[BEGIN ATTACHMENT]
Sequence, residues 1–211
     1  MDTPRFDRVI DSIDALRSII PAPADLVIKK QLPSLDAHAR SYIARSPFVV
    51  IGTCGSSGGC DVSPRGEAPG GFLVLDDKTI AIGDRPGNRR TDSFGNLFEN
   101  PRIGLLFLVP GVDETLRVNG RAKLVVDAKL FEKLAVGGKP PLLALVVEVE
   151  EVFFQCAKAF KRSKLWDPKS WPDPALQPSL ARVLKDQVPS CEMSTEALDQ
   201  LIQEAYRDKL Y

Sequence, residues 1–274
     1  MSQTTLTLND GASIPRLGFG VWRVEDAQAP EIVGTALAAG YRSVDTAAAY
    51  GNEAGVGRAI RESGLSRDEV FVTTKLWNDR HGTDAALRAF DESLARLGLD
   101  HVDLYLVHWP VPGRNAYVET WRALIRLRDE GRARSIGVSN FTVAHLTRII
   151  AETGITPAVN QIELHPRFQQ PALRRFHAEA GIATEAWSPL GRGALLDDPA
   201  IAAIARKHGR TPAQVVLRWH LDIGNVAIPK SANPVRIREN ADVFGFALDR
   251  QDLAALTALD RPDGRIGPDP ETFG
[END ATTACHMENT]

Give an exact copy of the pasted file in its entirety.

Sequence, residues 1–211
     1  MDTPRFDRVI DSIDALRSII PAPADLVIKK QLPSLDAHAR SYIARSPFVV
    51  IGTCGSSGGC DVSPRGEAPG GFLVLDDKTI AIGDRPGNRR TDSFGNLFEN
   101  PRIGLLFLVP GVDETLRVNG RAKLVVDAKL FEKLAVGGKP PLLALVVEVE
   151  EVFFQCAKAF KRSKLWDPKS WPDPALQPSL ARVLKDQVPS CEMSTEALDQ
   201  LIQEAYRDKL Y

Sequence, residues 1–274
     1  MSQTTLTLND GASIPRLGFG VWRVEDAQAP EIVGTALAAG YRSVDTAAAY
    51  GNEAGVGRAI RESGLSRDEV FVTTKLWNDR HGTDAALRAF DESLARLGLD
   101  HVDLYLVHWP VPGRNAYVET WRALIRLRDE GRARSIGVSN FTVAHLTRII
   151  AETGITPAVN QIELHPRFQQ PALRRFHAEA GIATEAWSPL GRGALLDDPA
   201  IAAIARKHGR TPAQVVLRWH LDIGNVAIPK SANPVRIREN ADVFGFALDR
   251  QDLAALTALD RPDGRIGPDP ETFG